• Transaction Settlement. Settlement is a process through which a card issuing bank exchanges funds with an acquiring bank to complete a cleared transaction, where clearing is the exchange of transaction information between the card issuer and the acquirer. Clearing and settlement occur simultaneously. The settlement process may vary slightly from one merchant account service provider to another but it goes through the following stages:

      1. Once the service has been provided or the merchandise shipped, the merchant captures the transaction payment information and submits it, with the daily batch, to its merchant processing services provider for settlement.
      2. The merchant processing bank submits the transaction data to the Credit Card Association (Visa or MasterCard) for settlement.
      3. The Credit Card Association sends the transaction information to the card issuer and then settles it by crediting the merchant processing bank's account and debiting the card issuer's account. The amount, debited from the card issuer's account is equal to the transaction amount, minus interchange. The amount credited to the processor is equal to the transaction amount, minus interchange, minus the association fees.
      4. The merchant processing bank receives its funds, usually within 24 hours of the transaction, and credits the merchant's account, usually within 48 hours of the transaction. The merchant receives an amount that is equal to the amount credited to the merchant bank's account, minus payment processing costs.
      5. The card issuer posts the transaction information on its cardholder's account and sends a monthly statement. The cardholder has the option to pay the full amount or a lesser amount, but no less than a minimum amount, established in the cardholder agreement. If the cardholder chooses to pay an amount, lesser than the full amount, the remaining balance will be charged an interest rate.
    • Transaction Controls. Implementing transaction controls will help eCommerce merchants reduce their risk exposure by identifying high-risk transactions. These controls help determine when a cardholder or transaction should be more thoroughly investigated. When establishing your transaction control policies and procedures, consider implementing the following steps:

      • Setting up transaction controls and velocity limits. The initial process of establishing and implementing your organization's transaction control should adopt the following procedures:
        • Establish review limits on the number and dollar amount of transactions approved for a customer within a specified period of time. Later you should adjust these limits to reflect the customer's purchasing patterns.
        • Establish review limits based on single transaction amount.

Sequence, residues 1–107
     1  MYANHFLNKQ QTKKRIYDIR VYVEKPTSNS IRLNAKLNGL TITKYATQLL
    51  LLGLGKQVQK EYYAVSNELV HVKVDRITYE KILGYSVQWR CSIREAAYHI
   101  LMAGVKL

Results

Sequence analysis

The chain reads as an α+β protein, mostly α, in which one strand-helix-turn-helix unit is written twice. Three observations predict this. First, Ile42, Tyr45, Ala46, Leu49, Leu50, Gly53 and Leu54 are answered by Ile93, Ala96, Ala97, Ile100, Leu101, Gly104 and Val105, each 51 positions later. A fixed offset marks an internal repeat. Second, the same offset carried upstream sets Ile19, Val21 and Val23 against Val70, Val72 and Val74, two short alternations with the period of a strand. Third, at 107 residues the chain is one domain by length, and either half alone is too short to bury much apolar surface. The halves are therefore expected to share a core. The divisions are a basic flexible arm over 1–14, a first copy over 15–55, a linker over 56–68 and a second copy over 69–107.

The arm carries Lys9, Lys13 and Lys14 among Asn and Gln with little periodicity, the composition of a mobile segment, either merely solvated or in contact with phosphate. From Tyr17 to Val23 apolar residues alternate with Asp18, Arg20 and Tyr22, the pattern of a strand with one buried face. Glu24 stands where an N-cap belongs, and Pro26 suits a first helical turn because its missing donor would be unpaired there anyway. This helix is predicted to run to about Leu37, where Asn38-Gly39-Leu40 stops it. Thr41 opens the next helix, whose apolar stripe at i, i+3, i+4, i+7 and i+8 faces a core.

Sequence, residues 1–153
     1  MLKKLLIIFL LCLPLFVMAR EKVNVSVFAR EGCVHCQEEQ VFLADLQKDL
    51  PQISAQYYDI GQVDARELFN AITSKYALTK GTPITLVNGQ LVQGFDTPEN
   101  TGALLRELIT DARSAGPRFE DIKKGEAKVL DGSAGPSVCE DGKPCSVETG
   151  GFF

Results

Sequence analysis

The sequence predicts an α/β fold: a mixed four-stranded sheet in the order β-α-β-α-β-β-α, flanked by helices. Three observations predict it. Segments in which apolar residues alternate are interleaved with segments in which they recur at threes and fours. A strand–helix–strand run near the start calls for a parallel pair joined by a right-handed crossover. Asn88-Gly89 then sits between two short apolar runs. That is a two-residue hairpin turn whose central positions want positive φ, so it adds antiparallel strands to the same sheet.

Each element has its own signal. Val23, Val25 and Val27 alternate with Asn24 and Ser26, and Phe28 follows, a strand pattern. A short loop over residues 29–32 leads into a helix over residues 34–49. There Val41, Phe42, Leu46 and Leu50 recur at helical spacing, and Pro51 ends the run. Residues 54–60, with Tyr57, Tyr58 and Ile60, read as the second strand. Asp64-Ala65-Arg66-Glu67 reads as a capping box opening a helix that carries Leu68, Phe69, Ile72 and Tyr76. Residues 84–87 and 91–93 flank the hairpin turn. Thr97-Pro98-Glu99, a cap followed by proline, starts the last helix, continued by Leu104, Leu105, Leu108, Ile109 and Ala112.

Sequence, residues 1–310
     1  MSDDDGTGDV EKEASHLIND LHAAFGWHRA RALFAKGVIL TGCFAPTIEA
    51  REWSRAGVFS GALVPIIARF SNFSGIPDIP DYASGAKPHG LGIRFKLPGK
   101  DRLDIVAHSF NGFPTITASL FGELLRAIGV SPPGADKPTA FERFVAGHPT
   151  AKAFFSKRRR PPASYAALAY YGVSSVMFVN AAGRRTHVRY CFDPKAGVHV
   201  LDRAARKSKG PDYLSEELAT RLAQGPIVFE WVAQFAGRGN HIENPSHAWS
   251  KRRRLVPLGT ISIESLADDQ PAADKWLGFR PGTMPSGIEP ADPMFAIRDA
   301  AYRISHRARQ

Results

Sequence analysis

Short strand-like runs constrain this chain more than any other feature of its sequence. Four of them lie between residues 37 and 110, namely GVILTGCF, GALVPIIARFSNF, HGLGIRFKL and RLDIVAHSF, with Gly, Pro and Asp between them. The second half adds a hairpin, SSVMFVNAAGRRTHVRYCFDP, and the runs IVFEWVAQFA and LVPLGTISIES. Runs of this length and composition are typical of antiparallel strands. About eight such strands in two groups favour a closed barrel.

• Make sure that velocity limits are checked for multiple characteristics, including shipping address, telephone number and email address.
        • Track and adjust velocity limits as you accumulate information on your customers' purchasing patterns. The limit should be stricter for new customers and looser for customers with solid purchasing and payment track record.
        • Contact customers that exceed your preset limits to determine whether the activity is legitimate and should be approved.

      • Adjust transaction controls and velocity limits based on transaction risk. Use your risk experience regarding selected products, shipping locations and customer purchasing patterns and modify your transaction controls and velocity limits to reflect it.
      Implementing transaction controls will help prevent fraud, minimize customer disputes and reduce the number of chargebacks.

    • AVS Processing. Address Verification Service may be used with or without an authorization request.

      • AVS with an Authorization Request. MO/TO and eCommerce merchant account users can process AVS requests just as they process authorizations, either in real time or in a batch using a terminal or a PC. Real-time authorization requests are used typically for transactions where the customer waits for a response online. Batch authorizations are used for transactions where there is no immediate need for a response. The process of transaction authorization and address verification goes through the following stages:
        1. A consumer place an order in a card-not-present environment.
        2. The merchant confirms the order information, including the merchandise description, price, card account number, card expiration date and shipping address. The merchant now requests that the customer provides a new piece of information - his or her billing address (the billing address is where the cardholder receives his or her card statements).
        3. The merchant enters the provided billing address information into its authorization request, along with the rest of the transaction information. Both requests are sent to the merchant's payment processing provider who sends them on to Visa or MasterCard.
        4. The Credit Card Association (Visa or MasterCard) then sends the requests on to the card issuer who makes separate decisions on each request. The card issuer compares the provided billing address to the one it has on file for its cardholder. It then returns both the authorization and the address verification responses through the same channel. The address verification response consists of a single-digit code which the merchant's credit card processing provider may change to make it easier to understand.
      • AVS without an Authorization Request. In some cases merchants can send an address verification request without a transaction authorization request. Such situations may arise when:
        • Merchants want to verify a customer's billing address before a transaction authorization is requested.
        • An earlier transaction authorization request has received an approval but an AVS request has received a "Try again later" response.